We can now understand what the differences between a drawing app and a painting app with references to what I have shown earlier. It is human nature that most people are comfortable and secure in the knowledge that they are already familiar with and in the same is true of painting and drawing. Practically all of us are familiar with the notion of what drawing and painting is all about as we have seen this from a young age and history is replete of drawings and paintings. To transition this idea to the digital medium, one must carry these ideas into this new medium, no matter what it is otherwise it won’t be fully appreciated or understood. Maybe a handful can discriminate between the two without too much effort, especially those that work directly in all these mediums and understand it’s nuances, but the majority cannot.
It is one of the reasons, why companies behind the apps like MS Fresh Paint, Sketch, Ibis etc. are more likely to bear drawing tools in their digital apps that is familiar to the rest of the world. However, I would like to go beyond this thinking and want to let you know that the digital medium is far more than that. I start off by giving the analogy that it makes no sense to compare oils with watercolors, you would probably think that I have gone barking made. The differences are pretty clear, you might think and that is easily tellable just by comparing the differences in the paintings. For example, the oil colors will have dense, opaque and sticky look about it when you look at it close up, whereas the watercolor has a feeling of paint being readily absorbed by the medium and the painter needed to let the paint flow. In contrast the oil painter, needs to work his way into the canvas in order to create the effects we see in the final rendering of the painting.
In order to truly appreciate the beauty of the digital medium, we need to remove ourselves from the thinking that we need to emulate the real world of painting and drawing. That would not be doing justice to this digital medium. In the same way that people discovered acrylics as an alternative to the oils that has been used for centuries, you will find very few people comparing the two mediums with each other let alone one trying to emulate the other. The medium now sits comfortably in the arsenal of mediums used by painters to bring out their creativity to the canvas as they see fit.
The digital medium in it’s true form has somewhat been tackled by the digital drawing app Paintology. The app although provides some ‘real world’ brushes like charcoal, line etc but the definition stops there and they have brushes that resembles nothing what we have seen in the real world. For example, the ‘shade’ brush that is found in the Paintology app is so versatile unlike anything found in the traditional medium and can be exclusively used to make photo realistic drawings. In addition, the setting of the brush does not include any filtering effects of any kind like many other apps out there and just requires you to change size. This is truly an astonishing achievement considering that many proponents of the digital medium, especially those working for the companies that make digital apps, point to a myriad of digital filters to create any types drawing. Fortunately, drawing and painting have not changed over the centuries which still requires your inert ability to draw and this is translated to the Paintology app. The main focus of drawing is not learn the abundant tools that are laced with all these digital apps, but to grasp the tools sufficiently to bring about artwork that anyone can admire.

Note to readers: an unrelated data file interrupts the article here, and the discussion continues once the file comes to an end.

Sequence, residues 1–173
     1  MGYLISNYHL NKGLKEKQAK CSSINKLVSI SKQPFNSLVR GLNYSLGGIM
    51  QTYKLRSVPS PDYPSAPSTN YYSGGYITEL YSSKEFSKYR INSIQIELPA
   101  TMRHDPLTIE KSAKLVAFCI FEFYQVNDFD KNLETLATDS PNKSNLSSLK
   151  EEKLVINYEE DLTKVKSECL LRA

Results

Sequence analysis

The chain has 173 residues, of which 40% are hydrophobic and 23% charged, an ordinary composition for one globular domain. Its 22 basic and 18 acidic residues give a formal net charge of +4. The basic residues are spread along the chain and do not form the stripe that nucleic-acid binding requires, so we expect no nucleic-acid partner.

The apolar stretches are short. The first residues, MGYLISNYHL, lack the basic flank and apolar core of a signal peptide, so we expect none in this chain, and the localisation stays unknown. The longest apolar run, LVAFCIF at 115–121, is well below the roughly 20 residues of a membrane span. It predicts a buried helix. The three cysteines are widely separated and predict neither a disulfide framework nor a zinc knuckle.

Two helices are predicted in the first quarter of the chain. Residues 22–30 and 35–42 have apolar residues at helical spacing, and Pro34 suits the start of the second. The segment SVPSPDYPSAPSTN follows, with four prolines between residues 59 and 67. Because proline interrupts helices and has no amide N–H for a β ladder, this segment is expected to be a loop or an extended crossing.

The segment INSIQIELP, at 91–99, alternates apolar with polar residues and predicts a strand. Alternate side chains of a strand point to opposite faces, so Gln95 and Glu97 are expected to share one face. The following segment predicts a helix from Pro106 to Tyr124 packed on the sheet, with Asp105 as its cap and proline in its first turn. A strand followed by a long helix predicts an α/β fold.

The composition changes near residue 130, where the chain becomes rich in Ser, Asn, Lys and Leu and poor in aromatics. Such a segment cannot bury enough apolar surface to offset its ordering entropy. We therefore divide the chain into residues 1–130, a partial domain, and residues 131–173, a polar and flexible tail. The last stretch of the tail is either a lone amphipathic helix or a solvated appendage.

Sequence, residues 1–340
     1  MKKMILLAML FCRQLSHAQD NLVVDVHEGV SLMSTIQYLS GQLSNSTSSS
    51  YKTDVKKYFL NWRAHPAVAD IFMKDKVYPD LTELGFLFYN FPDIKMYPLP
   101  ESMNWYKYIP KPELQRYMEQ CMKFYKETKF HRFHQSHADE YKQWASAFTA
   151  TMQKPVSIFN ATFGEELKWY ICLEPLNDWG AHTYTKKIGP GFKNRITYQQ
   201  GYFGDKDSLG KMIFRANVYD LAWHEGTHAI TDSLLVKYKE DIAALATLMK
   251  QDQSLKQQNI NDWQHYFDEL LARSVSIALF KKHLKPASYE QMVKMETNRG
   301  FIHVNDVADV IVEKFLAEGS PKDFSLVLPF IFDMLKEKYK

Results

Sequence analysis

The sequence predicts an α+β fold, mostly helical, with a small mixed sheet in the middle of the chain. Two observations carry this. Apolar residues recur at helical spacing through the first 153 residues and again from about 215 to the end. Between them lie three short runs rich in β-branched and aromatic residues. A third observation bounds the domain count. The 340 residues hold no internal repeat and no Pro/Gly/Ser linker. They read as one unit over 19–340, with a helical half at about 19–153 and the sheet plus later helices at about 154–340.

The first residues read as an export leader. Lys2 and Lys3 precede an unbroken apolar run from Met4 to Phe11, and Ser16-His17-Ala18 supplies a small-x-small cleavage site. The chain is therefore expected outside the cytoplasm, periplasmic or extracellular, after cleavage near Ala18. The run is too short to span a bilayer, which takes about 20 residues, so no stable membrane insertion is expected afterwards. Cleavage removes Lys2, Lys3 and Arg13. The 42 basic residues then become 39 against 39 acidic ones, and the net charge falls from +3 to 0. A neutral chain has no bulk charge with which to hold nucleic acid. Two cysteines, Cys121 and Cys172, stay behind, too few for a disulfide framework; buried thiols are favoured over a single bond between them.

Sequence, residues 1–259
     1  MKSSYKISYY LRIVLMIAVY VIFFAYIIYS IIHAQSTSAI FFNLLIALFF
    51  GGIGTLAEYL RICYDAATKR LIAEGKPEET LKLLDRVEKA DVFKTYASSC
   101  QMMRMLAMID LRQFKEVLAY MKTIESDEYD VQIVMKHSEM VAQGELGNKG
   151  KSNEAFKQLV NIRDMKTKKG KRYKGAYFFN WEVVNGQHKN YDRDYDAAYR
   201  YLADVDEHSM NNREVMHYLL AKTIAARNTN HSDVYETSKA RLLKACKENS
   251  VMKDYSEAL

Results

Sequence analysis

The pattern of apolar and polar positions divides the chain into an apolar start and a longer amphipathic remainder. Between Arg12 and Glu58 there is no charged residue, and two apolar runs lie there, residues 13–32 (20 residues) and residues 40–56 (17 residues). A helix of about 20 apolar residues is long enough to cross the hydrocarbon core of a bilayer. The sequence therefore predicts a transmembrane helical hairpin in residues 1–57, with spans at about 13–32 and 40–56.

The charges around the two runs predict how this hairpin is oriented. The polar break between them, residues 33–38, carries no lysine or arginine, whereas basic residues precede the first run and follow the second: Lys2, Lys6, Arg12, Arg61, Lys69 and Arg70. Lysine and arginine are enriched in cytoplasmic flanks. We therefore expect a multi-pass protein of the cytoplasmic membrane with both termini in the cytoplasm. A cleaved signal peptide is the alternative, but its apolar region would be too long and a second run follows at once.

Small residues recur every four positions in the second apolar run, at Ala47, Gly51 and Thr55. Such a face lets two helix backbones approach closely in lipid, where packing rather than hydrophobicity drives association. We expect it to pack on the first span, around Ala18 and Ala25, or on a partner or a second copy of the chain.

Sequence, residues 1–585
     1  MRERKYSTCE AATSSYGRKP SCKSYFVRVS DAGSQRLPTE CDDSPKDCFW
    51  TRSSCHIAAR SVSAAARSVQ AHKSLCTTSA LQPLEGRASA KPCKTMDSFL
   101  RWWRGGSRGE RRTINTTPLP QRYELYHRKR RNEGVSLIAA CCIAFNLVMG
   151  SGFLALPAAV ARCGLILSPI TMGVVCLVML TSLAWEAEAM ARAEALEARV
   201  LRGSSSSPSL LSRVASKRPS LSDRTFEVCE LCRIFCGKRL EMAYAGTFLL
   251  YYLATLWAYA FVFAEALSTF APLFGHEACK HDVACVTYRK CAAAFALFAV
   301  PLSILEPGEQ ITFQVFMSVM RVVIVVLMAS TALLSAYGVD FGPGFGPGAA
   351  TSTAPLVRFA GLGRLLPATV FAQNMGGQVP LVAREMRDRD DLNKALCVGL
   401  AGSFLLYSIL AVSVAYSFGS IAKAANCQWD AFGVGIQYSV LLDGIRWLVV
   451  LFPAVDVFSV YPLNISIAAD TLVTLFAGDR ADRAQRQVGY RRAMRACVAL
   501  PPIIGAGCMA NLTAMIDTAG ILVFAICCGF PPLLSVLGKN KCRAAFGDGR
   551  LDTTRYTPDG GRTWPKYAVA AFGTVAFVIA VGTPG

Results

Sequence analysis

Check out a couple of drawings made by the Paintology drawing app below.
I feel that drawing should be a fun and a rewarding experience and the Paintology app get’s me close to that.
To summarize the original subject regarding the differences in the drawing apps and painting apps, the truth is that there are no differences. Most apps that you can find on the Android or Apple platforms ae capable of both being a drawing app or a painting app. This is because the digital medium is very versatile to render a drawing of either ‘dry’ or a ‘wet’ feel to it purely by the way the brush strokes are emulated into the program. However, the digital apps do not have to confine themselves to these traditional drawing or painting tools, it is capable of producing brush strokes like nothing ever seen before. An example of this is the ‘shade’ brush tool of Paintology, which can exceed drawing capabilities not seen before with just one brush tool.
I hope you found this article useful and hope to bring you more. Please feel free to add your comments below.
Happy Painting and Drawing!
Download the free Paintology app from the Google play store.